- North Korea said it is willing to meet with the US to “resolve issues,” after President Donald Trump canceled his meeting with North Korean leader Kim Jong Un in Singapore.
- A North Korean official said it was willing to “sit down face-to-face” with the US.
- The summit had been planned for June 12 in Singapore. It would have been the first time a sitting US president met with a leader of North Korea.
North Korea said it is willing to meet with the US to “resolve issues,” after President Donald Trump canceled his meeting with that country’s leader Kim Jong Un on Thursday.
“We express our willingness to sit down face-to-face with the US and resolve issues anytime and in any format,” a North Korean official reportedly said in a statement published by the country’s state-run propaganda arm.
Trump nixed the planned June 12 summit with Kim, citing what he described as “tremendous anger and open hostility” stemming from Pyongyang’s recent public statements.
In a letter to Kim on Thursday morning, Trump said it was “inappropriate, at this time” to hold the summit, but left the possibility open in the future.
“I was very much looking foward to being there with you,” Trump said in the letter.
But Pyongyang sought to put the onus back on the US. The North Korean official warned that the security of the world was in Trump’s hands: “Our commitment to doing our best for the sake of peace and stability for the world and the Korean Peninsula remains unchanged, and we are open-minded in giving time and opportunity to the US,” the North Korean official’s statement said.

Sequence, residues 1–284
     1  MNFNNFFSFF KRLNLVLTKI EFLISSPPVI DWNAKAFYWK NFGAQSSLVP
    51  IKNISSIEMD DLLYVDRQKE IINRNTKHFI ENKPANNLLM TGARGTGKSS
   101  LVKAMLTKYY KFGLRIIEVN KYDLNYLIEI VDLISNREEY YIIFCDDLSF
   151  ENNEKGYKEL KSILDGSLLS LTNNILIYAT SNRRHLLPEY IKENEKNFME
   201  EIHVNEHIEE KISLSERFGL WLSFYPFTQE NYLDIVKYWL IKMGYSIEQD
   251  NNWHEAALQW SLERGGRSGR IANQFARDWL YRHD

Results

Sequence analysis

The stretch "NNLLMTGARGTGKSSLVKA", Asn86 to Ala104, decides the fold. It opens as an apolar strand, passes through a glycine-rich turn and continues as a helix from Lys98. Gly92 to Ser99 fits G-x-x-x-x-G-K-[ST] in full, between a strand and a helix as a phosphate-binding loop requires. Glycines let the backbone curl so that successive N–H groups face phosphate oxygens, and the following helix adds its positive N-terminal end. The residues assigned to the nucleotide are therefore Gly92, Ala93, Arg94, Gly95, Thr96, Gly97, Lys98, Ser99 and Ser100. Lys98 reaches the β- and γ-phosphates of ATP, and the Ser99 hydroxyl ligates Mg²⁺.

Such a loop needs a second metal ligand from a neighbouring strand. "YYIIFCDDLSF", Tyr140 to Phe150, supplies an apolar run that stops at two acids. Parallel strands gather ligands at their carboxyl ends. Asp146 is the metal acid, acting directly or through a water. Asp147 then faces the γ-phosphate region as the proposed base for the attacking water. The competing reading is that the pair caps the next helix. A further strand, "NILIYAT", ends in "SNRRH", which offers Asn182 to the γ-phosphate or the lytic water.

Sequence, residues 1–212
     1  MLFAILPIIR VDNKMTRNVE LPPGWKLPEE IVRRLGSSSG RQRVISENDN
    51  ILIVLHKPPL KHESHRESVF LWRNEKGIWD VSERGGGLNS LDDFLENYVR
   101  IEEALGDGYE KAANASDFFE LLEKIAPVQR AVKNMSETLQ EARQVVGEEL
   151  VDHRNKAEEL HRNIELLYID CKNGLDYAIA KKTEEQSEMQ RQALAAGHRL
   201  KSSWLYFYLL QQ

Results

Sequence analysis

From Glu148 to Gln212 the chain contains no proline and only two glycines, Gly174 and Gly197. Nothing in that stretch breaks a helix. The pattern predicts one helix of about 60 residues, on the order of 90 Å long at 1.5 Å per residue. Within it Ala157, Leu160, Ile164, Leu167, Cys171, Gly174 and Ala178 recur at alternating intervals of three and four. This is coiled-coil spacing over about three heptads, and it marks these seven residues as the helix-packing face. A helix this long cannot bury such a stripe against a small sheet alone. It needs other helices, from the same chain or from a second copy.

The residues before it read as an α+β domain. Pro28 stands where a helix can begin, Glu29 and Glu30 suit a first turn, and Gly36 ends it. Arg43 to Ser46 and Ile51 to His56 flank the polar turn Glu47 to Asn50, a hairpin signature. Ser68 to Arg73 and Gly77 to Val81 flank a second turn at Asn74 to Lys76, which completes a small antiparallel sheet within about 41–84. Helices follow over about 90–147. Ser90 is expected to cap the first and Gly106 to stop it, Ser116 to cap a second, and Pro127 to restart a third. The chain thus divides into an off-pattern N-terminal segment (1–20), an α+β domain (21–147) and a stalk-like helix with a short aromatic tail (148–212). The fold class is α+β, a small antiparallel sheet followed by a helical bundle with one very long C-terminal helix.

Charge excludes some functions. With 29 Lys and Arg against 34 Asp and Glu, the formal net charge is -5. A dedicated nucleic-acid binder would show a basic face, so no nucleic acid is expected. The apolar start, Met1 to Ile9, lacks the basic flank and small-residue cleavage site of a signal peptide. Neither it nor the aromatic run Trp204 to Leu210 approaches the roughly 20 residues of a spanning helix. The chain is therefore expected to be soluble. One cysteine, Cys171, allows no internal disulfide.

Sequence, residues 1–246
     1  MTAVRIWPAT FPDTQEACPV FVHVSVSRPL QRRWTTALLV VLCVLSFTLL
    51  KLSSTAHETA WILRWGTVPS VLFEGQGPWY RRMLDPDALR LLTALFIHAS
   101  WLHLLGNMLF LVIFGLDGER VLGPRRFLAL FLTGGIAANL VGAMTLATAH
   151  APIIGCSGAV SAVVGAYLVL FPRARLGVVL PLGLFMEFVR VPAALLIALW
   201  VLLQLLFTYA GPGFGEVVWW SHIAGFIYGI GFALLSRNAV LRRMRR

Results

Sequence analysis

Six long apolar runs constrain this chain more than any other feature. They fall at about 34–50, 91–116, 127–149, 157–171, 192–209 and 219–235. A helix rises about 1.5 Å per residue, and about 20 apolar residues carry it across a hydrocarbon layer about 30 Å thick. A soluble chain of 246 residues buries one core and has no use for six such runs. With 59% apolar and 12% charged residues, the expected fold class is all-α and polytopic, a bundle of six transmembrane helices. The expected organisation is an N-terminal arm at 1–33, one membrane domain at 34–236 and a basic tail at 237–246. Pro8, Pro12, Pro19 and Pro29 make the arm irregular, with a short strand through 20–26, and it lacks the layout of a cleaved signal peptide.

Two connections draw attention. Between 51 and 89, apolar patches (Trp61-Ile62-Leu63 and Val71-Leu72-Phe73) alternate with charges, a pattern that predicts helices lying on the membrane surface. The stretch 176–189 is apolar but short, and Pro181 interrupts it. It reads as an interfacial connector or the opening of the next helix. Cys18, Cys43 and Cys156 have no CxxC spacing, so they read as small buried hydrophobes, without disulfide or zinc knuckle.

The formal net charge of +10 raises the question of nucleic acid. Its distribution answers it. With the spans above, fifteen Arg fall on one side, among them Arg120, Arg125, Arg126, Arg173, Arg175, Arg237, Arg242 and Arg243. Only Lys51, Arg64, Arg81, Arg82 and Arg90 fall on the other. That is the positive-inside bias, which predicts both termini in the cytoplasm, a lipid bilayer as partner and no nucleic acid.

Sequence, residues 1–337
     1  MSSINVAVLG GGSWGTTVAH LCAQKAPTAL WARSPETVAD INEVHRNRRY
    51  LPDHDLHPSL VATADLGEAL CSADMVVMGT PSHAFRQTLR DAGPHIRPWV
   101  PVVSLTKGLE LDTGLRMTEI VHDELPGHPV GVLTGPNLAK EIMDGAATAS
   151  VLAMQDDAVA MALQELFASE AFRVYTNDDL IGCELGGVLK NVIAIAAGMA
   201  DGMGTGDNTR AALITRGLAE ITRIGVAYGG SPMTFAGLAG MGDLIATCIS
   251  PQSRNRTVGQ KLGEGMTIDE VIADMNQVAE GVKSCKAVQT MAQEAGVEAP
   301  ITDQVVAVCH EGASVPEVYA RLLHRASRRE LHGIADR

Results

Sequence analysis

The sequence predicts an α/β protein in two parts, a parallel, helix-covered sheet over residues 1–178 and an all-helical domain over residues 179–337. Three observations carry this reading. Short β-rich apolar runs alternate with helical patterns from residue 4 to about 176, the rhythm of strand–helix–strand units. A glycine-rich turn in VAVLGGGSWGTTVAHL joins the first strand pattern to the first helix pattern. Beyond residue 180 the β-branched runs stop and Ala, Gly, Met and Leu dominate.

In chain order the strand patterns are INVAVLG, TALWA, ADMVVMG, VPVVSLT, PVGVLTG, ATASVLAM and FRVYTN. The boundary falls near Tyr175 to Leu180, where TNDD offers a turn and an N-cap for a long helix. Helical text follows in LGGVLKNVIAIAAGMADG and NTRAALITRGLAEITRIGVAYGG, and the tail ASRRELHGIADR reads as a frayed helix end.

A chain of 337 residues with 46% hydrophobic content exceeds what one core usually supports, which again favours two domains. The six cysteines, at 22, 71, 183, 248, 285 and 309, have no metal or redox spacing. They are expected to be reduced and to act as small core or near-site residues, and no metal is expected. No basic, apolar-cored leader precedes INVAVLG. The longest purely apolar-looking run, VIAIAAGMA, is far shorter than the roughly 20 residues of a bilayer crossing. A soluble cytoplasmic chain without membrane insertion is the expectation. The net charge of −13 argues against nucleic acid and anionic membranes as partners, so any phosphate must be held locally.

North Korea typically conveys its propaganda messages through state-run media outlets. The messages are often directed at US and South Korean officials, and they generally exaggerate the regime’s grievances.
“I want to conclude that President Trump’s stance on the North-US summit does not meet the world’s desire for peace and stability both in the world and on the Korean Peninsula,” the official said.
North Korea’s conciliatory overtures took a sharp turn after it sounded off on the scheduled US-South Korean joint military exercises, and snapped at US national security adviser John Bolton over some worrisome remarks he made regarding the future of North Korea.
But the White House insisted that the diplomatic breakdown was North Korea’s fault. On Thursday, a White House official confirmed reports that North Koreans ghosted their US counterparts by failing to show up for a planned pre-summit meeting in Singapore.
“There has been a trail of broken promises that gave the United States pause,” a White House official told reporters, according to South Korean media outlet Yonhap News.
“A strange lack of judgment combined with broken promises over the past weeks and North Korea’s suspension of direct communication with the United States suggests a profound lack of good faith,” the official added.